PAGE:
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Angstrom-scale probing of paramagnetic centers location in nanodiamonds by 3He NMR at low temperatures

Vyacheslav Kuzmin *a, Kajum Safiullin *a, Gleb Dolgorukov a, Andrey Stanislavovas a, Egor Alakshin a, Timur Safin a, Boris Yavkin a, Sergei Orlinskii a, Airat Kiiamov a, Mikhail Presnyakov b, Alexander Klochkov a and Murat Tagirov ac
aInstitute of Physics, Kazan Federal University, 420008 Kazan, Russian Federation. E-mail: slava625@yandex.ru; kajum@inbox.ru; Fax: +7 843 233 7355; Tel: +7 843 233 7306
bNational Research Centre “Kurchatov Institute”, 123182 Moscow, Russian Federation
cAcademy of Sciences of the Republic of Tatarstan, Institute of Perspective Research, 420111 Kazan, Russian Federation

Received 29th August 2017 , Accepted 5th December 2017

First published on 5th December 2017


In this article a method to assess the location of paramagnetic centers in nanodiamonds was proposed. The nuclear magnetic relaxation of adsorbed 3He used as a probe in this method was studied at temperatures of 1.5–4.2 K and magnetic fields of 100–600 mT. A strong influence of the paramagnetic centers of the sample on the 3He nuclear spin relaxation time T1 was found. Preplating the nanodiamond surface with adsorbed nitrogen layers allowed us to vary the distance from 3He nuclei to paramagnetic centers in a controlled way and to determine their location using a simple model. The observed T1 minima in temperature dependences are well described within the frame of the suggested model and consistent with the concentration of paramagnetic centers determined by electron paramagnetic resonance. The average distance found from the paramagnetic centers to the nanodiamond surface (0.5 ± 0.1 nm) confirms the well-known statement that paramagnetic centers in this type of nanodiamond are located in the carbon shell. The proposed method can be applied to detailed studies of nano-materials at low temperatures.


Introduction

Nanodiamonds are a subject of many recent scientific studies because of their broad spectrum of potential applications, including abrasives or catalysts, biosensors and electrodes.1,2 Nanodiamonds are composed of a crystal core and shell of amorphous layers. The shell of unpurified nanodiamonds can be covered by various functional groups or chemical compositions depending on the application and method of nanodiamond preparation.1 Nowadays the most popular methods to prepare nanodiamond powders are HPHT (high pressure high temperature), CVD (chemical vapor deposition), DND (detonation technique) and milling methods.1 Different types of paramagnetic centers can exist in a diamagnetic matrix of nanodiamonds:1 radical-type centers in the shell, radical-type centers on the surface, various implemented paramagnetic impurities on the surface, NV centers in the nanodiamond core, etc. It is known that purified detonation nanodiamonds contain paramagnetic centers only in the nanodiamond shell.1 The amount and type of paramagnetic center determine the application of nanodiamonds and their commercial value. Usually cw and pulse electron paramagnetic (EPR), electron nuclear double (ENDOR), nuclear magnetic (NMR) and optically detected magnetic (ODMR) resonance methods are used to determine the properties of paramagnetic centers and their possible locations in nanodiamonds.3–7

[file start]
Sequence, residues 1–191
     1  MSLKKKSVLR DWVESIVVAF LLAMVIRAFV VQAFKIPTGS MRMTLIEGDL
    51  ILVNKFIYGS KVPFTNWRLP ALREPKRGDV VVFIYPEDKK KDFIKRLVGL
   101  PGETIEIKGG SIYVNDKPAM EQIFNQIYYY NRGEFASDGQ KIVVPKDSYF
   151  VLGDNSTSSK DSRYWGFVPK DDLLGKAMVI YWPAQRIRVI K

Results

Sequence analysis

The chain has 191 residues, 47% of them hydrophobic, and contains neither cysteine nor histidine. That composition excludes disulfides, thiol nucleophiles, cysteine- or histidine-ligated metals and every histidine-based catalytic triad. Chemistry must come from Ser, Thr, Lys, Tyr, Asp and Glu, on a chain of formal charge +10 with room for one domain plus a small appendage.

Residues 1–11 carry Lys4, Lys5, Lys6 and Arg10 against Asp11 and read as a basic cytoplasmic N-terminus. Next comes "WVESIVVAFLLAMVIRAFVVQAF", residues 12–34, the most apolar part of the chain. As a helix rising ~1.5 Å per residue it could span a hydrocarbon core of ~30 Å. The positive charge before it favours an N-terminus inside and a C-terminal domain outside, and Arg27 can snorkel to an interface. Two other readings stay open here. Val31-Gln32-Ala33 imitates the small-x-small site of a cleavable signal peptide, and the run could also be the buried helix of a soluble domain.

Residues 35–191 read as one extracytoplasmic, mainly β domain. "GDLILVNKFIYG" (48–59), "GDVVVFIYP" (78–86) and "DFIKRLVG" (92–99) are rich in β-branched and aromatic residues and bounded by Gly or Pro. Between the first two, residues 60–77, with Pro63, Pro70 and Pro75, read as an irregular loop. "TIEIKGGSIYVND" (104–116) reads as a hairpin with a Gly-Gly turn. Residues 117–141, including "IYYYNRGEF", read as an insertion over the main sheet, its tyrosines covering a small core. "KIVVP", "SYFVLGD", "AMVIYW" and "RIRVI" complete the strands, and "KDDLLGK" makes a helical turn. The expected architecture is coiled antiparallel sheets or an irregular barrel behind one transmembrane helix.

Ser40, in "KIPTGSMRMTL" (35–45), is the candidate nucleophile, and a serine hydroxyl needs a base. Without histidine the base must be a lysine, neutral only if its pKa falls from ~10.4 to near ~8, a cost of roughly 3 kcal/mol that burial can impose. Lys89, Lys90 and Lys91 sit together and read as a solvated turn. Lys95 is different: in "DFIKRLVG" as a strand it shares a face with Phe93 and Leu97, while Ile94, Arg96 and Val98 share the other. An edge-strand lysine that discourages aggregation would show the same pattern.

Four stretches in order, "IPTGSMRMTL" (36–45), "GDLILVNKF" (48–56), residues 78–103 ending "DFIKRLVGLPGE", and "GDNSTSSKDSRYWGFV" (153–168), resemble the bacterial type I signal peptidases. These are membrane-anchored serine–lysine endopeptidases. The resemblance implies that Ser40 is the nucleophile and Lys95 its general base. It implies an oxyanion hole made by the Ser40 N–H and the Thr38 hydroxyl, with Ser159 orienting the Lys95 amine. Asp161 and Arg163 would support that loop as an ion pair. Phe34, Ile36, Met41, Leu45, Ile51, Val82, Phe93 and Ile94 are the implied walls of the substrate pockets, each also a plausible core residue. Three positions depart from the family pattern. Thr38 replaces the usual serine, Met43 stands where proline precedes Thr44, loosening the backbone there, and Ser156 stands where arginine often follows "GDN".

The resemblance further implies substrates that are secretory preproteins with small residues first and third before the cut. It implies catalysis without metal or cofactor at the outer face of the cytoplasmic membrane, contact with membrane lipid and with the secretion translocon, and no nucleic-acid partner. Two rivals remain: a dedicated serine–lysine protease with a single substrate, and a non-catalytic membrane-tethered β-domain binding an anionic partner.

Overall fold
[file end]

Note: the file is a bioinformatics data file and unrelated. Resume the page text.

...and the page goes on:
The application of NV centers as nanoscale sensors of the surrounding environment is an actively developing field of research. Shallow NV centers have recently been applied as atomic-sized NMR sensors8 that allow the performance of nanoscale NMR with 1 ppm resolution.9 Experimental realization of the predefined near-surface deposition of NV centers could be done using, e.g. the δ-doping technique which allows one to form arrays of NV centers with exceptional spin coherence properties.10,11 The experimental technique that allows one to determine the actual depth of the NV center deposition inside the nanoparticle is in high demand.

3He is a premium candidate for studies of the magnetic properties of nanosized samples at low temperatures due to the absence of a nuclear quadrupole moment and sufficiently long intrinsic T1 relaxation times. Therefore 3He nuclear magnetic relaxation can be sensitive to the magnetism of the sample. Properties of adsorbed 3He are well understood and it is commonly used as a model system of 2D solids with quantum exchange at low temperatures.12–14 Usually it is assumed that nuclear magnetic relaxation in this system occurs due to dipole–dipole interactions modulated by quantum exchange or thermal 2D motions.14,15 There are also many studies of direct dipole–dipole interactions between adsorbed 3He and nuclear16,17 spins or indirect interactions with electronic spins inside the solids.18,19 Similar direct dipolar couplings were also observed in liquid 3He surrounding solid samples.20,21

In this article we present a new technique that provides detailed information on the magnetic properties of the surface layer of solids and the distribution of paramagnetic impurities in nanodiamonds. It is based on the measurement of relaxation times of adsorbed 3He distant from the sample surface by variable adsorbed layer thickness of noble or inactive gases. The observed minima in T1 temperature dependences provide direct information on correlation times and local magnetic fields.12,22,23 The proposed method allows the variation of the distance between the 3He layer and paramagnetic centers and allows one to obtain information on its distribution in nanoparticles.